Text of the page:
• APD is a collection of symptoms that usually co-occurs with other neurodevelopmental disorders. Like other such symptoms (poor language, literacy or attention, autism) APD is often found alongside other diagnoses.”

So what should you do if you think your child has APD?

First of all ask your GP to refer you to a doctor who specialises in childen’s hearing problems. This will probably be a consultant in audiovestibular medicine, a paediatrician specialising in audiology, or a paediatric audiologist.

Children with APD usually have normal intelligence. The cause of APD is often unknown but it is often associated with conditions such as dyslexia, attention deficit disorder, autism spectrum disorder, specific language impairment, pervasive developmental disorder, or developmental delay.

Where can you get further information and support?

The British Society of Audiology publish a leaflet ‘Auditory Processing Disorder in Children’ (2015)

APDUK is a support group run by adults with APD and parents of children with APD. Their aim is to promote an increased understanding of APD in the UK by both the professional establishment, especially in the fields of education and employment, and the general public. They provide written information, a helpline and a web-based discussion forum. If your child is already at school and you’re having trouble accessing additional support then contact the Independent Panel for Special Education Advice (IPSEA) who provide free and independent legal advice and support in England and Wales regarding educational needs.

Useful websites & interesting articles

British Society of Audiology (BSA) / Auditory Processing Disorder (APD) Special Interest Group for interested professionals

Evolving concepts of developmental auditory processing disorder (APD): A British Society of Audiology APD Special Interest Group ‘white paper’   International Journal of Audiology Vol 52, Issue 1, 2013

British Society of Audiology’s Audacity magazine (Issue 2 December 2013) includes two useful articles on understanding APD and progress towards a gold standard clinical assessment:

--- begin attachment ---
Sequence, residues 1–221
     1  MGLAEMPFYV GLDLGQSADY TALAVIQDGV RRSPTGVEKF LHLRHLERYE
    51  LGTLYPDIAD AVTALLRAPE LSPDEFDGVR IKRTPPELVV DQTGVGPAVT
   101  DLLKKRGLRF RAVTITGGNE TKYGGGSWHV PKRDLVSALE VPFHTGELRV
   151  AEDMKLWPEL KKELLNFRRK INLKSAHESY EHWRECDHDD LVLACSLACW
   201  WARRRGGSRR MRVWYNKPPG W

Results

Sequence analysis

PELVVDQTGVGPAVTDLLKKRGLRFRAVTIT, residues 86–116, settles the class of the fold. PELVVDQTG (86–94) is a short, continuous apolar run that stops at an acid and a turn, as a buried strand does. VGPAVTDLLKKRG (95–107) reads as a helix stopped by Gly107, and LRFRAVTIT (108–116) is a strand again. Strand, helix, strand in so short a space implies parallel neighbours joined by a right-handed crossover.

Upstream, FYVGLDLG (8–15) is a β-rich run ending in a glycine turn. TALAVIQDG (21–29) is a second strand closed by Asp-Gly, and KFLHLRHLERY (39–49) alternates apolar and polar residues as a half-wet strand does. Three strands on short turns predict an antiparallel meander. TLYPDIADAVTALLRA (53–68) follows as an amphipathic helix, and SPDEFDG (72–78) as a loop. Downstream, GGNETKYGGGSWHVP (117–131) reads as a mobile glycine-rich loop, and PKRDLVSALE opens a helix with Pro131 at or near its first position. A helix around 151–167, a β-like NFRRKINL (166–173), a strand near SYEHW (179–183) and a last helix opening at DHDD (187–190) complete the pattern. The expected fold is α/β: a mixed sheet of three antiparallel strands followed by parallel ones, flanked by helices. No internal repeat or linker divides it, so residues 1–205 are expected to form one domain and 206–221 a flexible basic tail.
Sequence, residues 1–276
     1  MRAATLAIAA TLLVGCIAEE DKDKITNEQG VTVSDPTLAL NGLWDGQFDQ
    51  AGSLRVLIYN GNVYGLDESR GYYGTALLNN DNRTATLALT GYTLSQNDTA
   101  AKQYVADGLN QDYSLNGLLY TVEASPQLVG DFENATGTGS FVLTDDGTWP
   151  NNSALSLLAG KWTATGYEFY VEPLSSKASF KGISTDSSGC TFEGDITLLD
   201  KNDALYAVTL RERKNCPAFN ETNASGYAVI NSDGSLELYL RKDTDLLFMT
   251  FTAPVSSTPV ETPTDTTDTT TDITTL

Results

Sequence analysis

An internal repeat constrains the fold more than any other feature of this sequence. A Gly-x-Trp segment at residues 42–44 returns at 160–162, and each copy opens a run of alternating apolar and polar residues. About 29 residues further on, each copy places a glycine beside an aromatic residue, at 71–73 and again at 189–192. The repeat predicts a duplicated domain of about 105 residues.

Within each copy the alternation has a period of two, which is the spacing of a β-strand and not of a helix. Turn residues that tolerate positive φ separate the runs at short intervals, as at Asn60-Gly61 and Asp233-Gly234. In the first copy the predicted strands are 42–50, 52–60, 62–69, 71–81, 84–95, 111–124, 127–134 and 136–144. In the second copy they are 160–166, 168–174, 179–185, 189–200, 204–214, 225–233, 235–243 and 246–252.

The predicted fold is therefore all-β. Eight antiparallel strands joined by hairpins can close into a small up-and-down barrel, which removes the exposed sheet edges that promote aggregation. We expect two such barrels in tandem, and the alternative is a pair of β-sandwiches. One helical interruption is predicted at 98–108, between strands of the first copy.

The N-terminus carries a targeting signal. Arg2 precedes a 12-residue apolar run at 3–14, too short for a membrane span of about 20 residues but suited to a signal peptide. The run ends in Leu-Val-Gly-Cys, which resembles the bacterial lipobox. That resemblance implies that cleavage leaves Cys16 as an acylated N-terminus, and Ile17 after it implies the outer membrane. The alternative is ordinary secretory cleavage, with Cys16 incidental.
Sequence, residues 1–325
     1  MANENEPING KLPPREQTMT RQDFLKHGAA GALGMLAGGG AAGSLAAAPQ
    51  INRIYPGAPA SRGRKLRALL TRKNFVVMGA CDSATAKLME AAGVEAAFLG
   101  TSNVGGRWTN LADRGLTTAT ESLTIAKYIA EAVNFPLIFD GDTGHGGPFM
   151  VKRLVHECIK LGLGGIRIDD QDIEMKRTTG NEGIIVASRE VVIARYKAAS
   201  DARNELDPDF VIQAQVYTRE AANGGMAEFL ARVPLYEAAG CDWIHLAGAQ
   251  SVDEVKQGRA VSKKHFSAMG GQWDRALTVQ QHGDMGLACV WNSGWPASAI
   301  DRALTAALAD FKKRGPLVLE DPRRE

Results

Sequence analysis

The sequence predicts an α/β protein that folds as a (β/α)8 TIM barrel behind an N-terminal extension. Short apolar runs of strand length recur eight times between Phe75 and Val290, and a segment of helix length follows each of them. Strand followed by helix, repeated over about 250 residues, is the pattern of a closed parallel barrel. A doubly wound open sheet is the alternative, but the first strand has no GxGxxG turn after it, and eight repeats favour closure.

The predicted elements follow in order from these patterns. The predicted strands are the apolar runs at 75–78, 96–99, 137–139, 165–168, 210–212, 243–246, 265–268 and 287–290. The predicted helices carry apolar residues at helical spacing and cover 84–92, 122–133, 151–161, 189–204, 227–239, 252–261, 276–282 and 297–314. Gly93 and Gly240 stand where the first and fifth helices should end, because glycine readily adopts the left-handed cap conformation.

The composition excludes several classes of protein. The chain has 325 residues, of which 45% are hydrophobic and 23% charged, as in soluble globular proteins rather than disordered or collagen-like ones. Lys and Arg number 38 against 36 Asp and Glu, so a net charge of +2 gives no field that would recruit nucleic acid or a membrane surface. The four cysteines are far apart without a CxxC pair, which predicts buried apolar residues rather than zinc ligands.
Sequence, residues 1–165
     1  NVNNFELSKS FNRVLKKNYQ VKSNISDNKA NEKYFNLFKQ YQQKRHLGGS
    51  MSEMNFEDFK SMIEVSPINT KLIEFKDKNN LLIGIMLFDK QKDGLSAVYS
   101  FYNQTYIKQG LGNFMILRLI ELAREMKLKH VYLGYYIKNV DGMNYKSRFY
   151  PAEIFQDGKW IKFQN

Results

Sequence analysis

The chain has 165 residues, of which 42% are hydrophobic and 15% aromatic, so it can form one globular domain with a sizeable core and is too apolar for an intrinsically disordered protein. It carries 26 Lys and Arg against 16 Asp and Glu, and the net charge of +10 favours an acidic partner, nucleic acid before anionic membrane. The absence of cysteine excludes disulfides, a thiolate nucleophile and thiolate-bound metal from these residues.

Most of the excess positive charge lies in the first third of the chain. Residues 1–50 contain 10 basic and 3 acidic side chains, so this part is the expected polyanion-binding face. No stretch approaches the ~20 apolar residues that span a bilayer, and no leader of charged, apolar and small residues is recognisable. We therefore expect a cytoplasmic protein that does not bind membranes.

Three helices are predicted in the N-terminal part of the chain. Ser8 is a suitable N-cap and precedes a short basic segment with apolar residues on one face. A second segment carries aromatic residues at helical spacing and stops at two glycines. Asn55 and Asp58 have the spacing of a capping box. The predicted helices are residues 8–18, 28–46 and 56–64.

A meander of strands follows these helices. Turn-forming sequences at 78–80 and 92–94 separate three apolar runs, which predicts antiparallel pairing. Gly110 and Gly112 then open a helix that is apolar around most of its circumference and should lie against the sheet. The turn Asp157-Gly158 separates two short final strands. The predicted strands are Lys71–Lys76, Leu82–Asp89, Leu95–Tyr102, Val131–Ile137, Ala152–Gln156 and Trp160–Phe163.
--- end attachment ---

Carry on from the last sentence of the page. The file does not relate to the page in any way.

• pp32-35 Auditory Processing Disorder; the pursuit of a gold standard test, Dr Johanna Barry
  • pp36-38 Auditory Processing Disorder; are you keeping up? Dr Wayne J Wilson

Briefing Paper: Auditory Processing Disorder – An Education Response, NatSIP, BSA, & BATOD, May 2015

The Institute of Hearing Research‘s current research studies into APD

American Speech-Language-Hearing Association “Understanding Auditory Processing Disorders in Children”

Auditory processing disorders and auditory/language interventions: an evidence-based systematic review Language, Speech, and Hearing Services in Schools Vol.42 246-264 July 2011.

“The Difference Between Auditory Processing Disorder and Specific Language Impairment”  summary of Ferguson MA, Hall RL, Riley A, Moore DR (2011) Communication, Listening, Cognitive and Speech Perception Skills in Children With Auditory Processing Disorder (APD) or Specific Language Impairment (SLI). Journal of Speech, Language and Hearing research 54 (2):211-227.

Issues in diagnosis and management of auditory processing disorders – including spatial processing disorder lecture by Dr Harvey Dillon recorded at the Paediatric Masterclass 30th April 2016 in Greenwich (organiser Jay Jindal, Director of Audiology Planet)

2 Responses to "Normal hearing but not hearing normally?"

This is really useful, thanks for your concise summary of this complex disorder. I am sure I will be back to visit your links and references!

I love the explanation of the difference between hearing and listening. It’s so easy to assume that it’s the same thing. However, I think you’re right that it would be helpful to know and understand the difference.